Thursday, February 14, 2019

2 nature warriors raise alarms

Two veteran environmentalists have raised two separate alarms on two issues that should merit the attention of the government and citizens.
Jose Ma. Lorenzo Tan, a member of the national advisory council of World Wide Fund for Nature (WWF) and Brain Trust Inc. (a sustainable development consultancy), and Antonio Oposa Jr., an environmental lawyer and activist, are speaking out individually to call attention to environmental issues. These two men are also authors of books on the environment. Oposa was a 2007 Ramon Magsaysay Foundation awardee. Tan headed WWF-Philippines for many years.

Tan’s alarm has to do with Taal Lake/Volcano and its environs, among them, the heritage town of Taal in Batangas. A circumferential highway along the east side of the lake is to be built. The problem is that Mount Maculot, “a mountaineer’s first love,” is in the area, and Philippine Institute of Volcanology and Seismology studies show it to be landslide-prone. Also, the road being planned is on the “littoral zone,” that is, the highest zone of biodiversity in the entire protected area.
Tan points out that the east side section of the Taal Lake caldera is the last forest and wildlife area, and covered by the Expanded National Integrated Protected Areas System rules. The highway project should be put in the freezer, Tan says, because a writ of kalikasan has been filed for Taal Lake, and the Court of Appeals is still monitoring the so-called consent decree.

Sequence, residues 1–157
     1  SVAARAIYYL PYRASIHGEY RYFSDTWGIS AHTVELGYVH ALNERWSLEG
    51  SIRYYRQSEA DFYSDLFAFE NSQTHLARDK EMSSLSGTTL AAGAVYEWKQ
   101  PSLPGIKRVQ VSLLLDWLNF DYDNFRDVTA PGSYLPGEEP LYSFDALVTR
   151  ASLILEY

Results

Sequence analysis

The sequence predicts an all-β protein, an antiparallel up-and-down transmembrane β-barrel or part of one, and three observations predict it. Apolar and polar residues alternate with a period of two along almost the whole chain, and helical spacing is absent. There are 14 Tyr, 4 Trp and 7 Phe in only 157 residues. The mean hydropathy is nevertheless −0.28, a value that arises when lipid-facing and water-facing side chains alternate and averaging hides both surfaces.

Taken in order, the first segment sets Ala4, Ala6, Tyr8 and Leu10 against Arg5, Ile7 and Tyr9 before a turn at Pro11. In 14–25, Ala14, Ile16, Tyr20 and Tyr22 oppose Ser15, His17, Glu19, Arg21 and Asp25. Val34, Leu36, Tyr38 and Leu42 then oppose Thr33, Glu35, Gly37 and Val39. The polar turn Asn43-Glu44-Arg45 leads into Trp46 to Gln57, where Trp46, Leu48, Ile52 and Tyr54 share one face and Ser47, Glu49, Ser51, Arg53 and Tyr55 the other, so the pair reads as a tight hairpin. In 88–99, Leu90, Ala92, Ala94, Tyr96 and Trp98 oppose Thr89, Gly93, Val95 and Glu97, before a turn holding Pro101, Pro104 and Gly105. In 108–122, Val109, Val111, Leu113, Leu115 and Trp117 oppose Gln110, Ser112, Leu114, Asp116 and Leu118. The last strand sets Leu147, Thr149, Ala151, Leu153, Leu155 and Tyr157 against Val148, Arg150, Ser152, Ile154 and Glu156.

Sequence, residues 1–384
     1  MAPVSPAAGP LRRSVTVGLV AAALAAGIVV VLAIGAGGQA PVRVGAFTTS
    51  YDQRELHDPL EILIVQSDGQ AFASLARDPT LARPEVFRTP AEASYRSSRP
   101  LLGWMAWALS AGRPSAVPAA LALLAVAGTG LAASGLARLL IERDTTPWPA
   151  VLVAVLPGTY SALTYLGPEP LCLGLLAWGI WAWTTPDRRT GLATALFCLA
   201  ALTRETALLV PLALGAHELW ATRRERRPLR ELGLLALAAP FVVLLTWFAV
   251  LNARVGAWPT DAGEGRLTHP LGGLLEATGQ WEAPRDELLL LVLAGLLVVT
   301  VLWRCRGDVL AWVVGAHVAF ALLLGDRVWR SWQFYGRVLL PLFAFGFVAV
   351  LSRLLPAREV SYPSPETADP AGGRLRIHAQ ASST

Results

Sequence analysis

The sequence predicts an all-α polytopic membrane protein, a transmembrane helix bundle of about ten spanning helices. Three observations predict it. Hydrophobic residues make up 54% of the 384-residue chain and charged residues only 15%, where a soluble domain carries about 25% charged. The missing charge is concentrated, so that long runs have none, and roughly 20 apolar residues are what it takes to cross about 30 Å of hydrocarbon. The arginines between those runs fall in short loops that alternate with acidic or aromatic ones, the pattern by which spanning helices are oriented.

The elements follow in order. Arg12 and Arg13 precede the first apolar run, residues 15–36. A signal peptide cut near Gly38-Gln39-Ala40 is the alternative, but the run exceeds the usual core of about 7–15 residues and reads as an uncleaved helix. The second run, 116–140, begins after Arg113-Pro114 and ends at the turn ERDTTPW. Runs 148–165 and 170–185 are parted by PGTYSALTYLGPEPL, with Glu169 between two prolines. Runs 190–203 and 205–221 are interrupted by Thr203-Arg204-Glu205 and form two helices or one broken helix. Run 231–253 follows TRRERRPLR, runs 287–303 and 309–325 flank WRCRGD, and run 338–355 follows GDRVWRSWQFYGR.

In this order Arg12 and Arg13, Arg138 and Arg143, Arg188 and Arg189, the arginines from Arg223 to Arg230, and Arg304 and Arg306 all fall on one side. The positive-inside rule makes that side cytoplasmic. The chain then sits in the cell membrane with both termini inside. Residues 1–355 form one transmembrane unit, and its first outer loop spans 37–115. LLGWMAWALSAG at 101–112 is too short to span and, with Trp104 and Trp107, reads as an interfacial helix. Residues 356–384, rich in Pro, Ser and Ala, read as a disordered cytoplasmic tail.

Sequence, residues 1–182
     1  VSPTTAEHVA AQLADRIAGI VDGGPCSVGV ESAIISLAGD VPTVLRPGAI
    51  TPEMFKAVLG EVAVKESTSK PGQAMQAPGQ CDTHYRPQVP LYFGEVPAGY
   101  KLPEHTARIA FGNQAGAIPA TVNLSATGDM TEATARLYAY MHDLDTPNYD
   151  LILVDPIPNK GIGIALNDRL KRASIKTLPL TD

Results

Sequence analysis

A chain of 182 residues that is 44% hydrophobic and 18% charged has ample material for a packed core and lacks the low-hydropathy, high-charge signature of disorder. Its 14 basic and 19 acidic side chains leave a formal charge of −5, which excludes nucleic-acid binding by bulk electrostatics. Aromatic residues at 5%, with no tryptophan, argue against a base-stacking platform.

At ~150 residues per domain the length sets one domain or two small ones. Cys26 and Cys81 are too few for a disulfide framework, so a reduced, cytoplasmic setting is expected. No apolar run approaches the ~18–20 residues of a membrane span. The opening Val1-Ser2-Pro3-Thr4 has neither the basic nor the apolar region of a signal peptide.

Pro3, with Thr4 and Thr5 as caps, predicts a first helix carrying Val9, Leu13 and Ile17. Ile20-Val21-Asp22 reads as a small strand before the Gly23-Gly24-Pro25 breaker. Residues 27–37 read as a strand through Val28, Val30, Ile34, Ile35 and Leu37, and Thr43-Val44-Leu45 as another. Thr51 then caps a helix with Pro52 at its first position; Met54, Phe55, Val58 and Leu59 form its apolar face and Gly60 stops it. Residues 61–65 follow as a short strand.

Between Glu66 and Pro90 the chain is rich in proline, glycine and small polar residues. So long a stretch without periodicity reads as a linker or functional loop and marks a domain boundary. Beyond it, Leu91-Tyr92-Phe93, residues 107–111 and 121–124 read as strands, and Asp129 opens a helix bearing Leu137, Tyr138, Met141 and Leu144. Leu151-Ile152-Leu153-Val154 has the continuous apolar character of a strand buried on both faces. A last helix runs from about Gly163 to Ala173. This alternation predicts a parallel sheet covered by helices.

And yet, Tan says, “the contractor has cleared forests, slopes, slides and coastal areas without approval. The Department of Public Works and Highways (DPWH) created a budget for a 20-meter circumferential road, but not for the purchase of right of way. They may have expected the local government units to provide the land for the road… (but) it seems like no LGU is giving land, hence the proposal is to cover the shoreline of the entire lake with a road, assuming it is all easement and therefore public land. In some barangays, the highway project has removed natural water sources. This will destroy the lake.”
So it is not only the lake’s famous “tawilis” fish that are endangered (there is now a ban on catching them), the lake itself and its surroundings are endangered.
Tan, now a resident of Batangas, also points out that the historical, cultural and religious sites of Pinagkurusan, Dingin and Lumang Simbahan in Alitagtag and Sta. Teresita towns will be affected. Already, the clearing operation is nearing Dingin.
Is the project supposed to be a circumferential tourism highway? What is the basis for a project in a hazard, unstable area? And why has the DPWH delayed the much-needed widening of the Cuenca-Alitagtag road which could be safer?